How These Great Losses Will Affect Music

Popular music, or otherwise known as pop music, refuses to stay in the same place.

In the ‘50s Elvis Presley was topping the charts; in the ’60s and ‘70s bands like The Beatles and The Rolling Stones were creating chaos; then the ‘90’s hit and Nirvana and grunge music took over. Now, it’s all about music you can dance and lose all your worries to—musicians like Rihanna and Justin Bieber.

However, if you observe culture even in the slightest, then you can see that pop music does this amazing thing where it shifts according to the vibes of the public.

Given how current situations are unfolding—having a president with the lowest approval ratings, international tensions and hate crimes rising, and the death of so many celebrity heroes, it’s inevitable that the sound of music is going to change—but how?

It’s hasn’t even been a full month into 2017 and we already have musicians who have been in the shadows for years, coming out with fiery, passionate songs that must’ve been incubated by current events–songs like “Hallelujah Money” by the Gorillaz, who haven’t released anything since 2011. The song features Benjamin Clementine, a European poet, singing a heavily political song from the Trump Tower. There’s also, “I Give You Power” by Arcade Fire, whose last release was in 2013. The song features pioneer blues musician Mavis Staples and the group has stated that all proceeds from the song will be donated to the American Civil Liberties Union.

These are two award-winning groups who have been silent for years now, and who haven’t really had heavily, politically-influenced songs, at least not for a while now. It’s no coincidence that now these musicians are releasing songs that preach about abuse of power and fighting for your rights—the shift in what’s become important to people has changed, and it is inspiring.

This is important to know, because this shift in political mayhem isn’t anything new. Musicians like Leonard Cohen, David Bowie, and even Prince had songs that were inspired by what was happening in their society. Cohen wrote songs like “Joan Of Arc,” which, during that time in the early ‘70s, was supportive of the women’s movement. Bowie had the “Diamond Dogs” album, which was entirely inspired by George Orwell’s novel, “1984” about a dystopian society. Prince, known for his sultry pop songs, also penned songs like “Party Up,” which still represented his sexy uplifting dance music, but also brought a message of peace with lyrics like “you’re gonna have to fight your own damn war… cause we don’t wanna fight no more!”

“So now that these musicians that were so huge and influenced the music industry are gone, what’s going to happen to the popular sound the people are going to want to hear?”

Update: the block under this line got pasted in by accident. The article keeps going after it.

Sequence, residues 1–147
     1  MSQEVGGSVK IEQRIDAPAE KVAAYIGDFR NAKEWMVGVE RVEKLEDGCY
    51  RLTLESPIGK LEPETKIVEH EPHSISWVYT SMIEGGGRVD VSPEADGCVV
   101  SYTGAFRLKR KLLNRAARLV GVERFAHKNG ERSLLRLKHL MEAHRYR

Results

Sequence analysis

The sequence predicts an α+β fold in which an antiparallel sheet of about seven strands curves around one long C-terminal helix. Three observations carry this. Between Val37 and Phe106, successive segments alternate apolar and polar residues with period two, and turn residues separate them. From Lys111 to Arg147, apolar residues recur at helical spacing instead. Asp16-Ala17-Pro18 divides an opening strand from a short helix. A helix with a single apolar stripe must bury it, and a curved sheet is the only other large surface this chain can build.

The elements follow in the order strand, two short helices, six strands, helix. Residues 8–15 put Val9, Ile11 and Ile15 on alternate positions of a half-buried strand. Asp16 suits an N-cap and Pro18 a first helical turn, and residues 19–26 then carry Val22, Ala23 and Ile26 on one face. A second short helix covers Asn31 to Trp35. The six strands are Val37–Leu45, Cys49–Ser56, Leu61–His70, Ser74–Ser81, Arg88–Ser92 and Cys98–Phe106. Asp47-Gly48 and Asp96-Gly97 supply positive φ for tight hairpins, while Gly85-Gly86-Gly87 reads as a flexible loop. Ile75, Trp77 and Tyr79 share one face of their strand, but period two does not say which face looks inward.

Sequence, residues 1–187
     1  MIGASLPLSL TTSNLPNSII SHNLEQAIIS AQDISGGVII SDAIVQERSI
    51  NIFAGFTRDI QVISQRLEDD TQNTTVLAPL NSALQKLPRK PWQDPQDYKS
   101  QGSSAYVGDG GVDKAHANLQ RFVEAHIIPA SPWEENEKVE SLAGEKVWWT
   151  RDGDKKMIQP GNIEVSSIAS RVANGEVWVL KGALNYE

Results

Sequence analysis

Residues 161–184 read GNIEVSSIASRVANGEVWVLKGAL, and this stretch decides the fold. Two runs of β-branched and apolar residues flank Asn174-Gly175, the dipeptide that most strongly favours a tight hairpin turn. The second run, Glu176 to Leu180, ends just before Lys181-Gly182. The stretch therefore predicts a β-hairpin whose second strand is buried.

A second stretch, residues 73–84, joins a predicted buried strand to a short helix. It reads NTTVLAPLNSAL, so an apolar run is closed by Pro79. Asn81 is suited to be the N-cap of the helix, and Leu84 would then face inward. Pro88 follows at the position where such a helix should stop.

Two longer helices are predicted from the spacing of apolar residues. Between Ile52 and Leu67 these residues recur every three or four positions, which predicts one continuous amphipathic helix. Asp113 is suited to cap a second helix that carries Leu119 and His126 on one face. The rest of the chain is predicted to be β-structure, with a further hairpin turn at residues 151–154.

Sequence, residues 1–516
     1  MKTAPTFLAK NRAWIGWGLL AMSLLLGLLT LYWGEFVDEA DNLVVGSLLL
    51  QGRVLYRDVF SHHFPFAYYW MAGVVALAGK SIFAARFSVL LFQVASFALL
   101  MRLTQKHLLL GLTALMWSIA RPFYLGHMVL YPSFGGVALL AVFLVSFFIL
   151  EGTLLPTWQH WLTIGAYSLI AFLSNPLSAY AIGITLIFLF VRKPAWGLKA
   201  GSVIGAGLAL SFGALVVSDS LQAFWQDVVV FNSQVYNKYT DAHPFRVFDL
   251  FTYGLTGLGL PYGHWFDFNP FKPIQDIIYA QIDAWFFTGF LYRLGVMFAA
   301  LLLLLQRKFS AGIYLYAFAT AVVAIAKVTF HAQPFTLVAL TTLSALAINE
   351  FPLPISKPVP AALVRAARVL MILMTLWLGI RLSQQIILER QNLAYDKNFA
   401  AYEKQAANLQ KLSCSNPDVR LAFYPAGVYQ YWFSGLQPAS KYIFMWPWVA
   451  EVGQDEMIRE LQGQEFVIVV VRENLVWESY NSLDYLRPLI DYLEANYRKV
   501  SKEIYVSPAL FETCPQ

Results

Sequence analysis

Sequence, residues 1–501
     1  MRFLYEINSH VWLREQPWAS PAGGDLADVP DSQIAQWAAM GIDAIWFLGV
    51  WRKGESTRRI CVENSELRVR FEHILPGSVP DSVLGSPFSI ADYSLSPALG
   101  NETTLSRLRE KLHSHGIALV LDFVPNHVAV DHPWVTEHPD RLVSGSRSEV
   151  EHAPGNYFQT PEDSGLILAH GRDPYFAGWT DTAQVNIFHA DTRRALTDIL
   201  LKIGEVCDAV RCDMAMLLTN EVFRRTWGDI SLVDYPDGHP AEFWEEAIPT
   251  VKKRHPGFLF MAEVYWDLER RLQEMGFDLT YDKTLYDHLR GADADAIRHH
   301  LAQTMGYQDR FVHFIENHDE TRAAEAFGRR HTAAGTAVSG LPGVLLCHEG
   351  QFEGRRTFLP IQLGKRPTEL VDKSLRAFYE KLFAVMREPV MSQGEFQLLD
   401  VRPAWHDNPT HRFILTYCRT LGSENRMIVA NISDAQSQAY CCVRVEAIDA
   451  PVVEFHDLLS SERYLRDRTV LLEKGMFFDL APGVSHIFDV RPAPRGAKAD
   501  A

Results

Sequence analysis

For the fans, it’s important to see these idols in music caring about more than just dancing. Sure their music is also always catchy and a pleasure to listen to, but they’re also providing knowledge and spreading ideas for change.

These recently deceased musical heroes inspired many of today’s chart-topping pop stars.

Rihanna put on a tribute for Prince during a performance in Canada, saying, “a lot of us have started making music and listening to music because of Prince, so right now I just wanna honor him, me and my crew, and you guys—let’s shine some light to heaven for Prince right now.” Also, let’s not forget Lady Gaga’s tribute to the late David Bowie, who obviously had a huge influence on Gaga’s style and music.

So now that these musicians that were so huge and influenced the music industry are gone, what’s going to happen to the popular sound the people are going to want to hear?

Sacha Lecca has been the deputy photo editor at Rolling Stone magazine for about 10 years now. He’s been able to see the certain wave of celebrities that come in and out of the spotlight and how what’s important to the public shifts.

He tells BTRtoday that he hardly gets a chance to even react to a well-known musician’s death—his first reaction has to be calling photographers, gathering the best images, and getting ready for changes in the magazine. However, he did confess that Bowie’s death hit him especially hard, saying that there is no part of his life untouched by Bowie’s music.

The week after Bowie’s death, Lecca explains, the U.S. had a 5000 percent increase in album sales; after Prince died he had five albums in the top 10 Billboard 200 chart.

“These increased sales puts their music in the hands of people who perhaps hadn’t been exposed to much of their work before, and would surely have converted many,” Lecca expresses about how the listeners were affected by these deaths.

He also strongly believes that we haven’t seen the last of impactful musicians like Bowie, Prince, and Cohen—he has high hopes that more pop stars will raise awareness the way they did.

Lecca, who can be spotted in the underground NYC music scene at shows, says that though the passing of Bowie, Prince, and Cohen were universally mourned, the passing of Lemmy, the front man of Motörhead, and Andrew Loomis, an American author and illustrator, were more so mourned by the underground scene rather than the pop scene.

It’s no doubt that creatives will inspire creatives, especially if those creatives ignited a passion inside your heart like the passing of these idols did for many—not just for other musicians, but to their fans as well, and they’re the ones who really decide what’s popular (all conspiracy theories aside…)

One thing is for sure—with the passing of musical idols, and the shift in political power, we can expect a lot more new music with a different tone. I think you can guess what kind of tone; you’re the ones listening to it.

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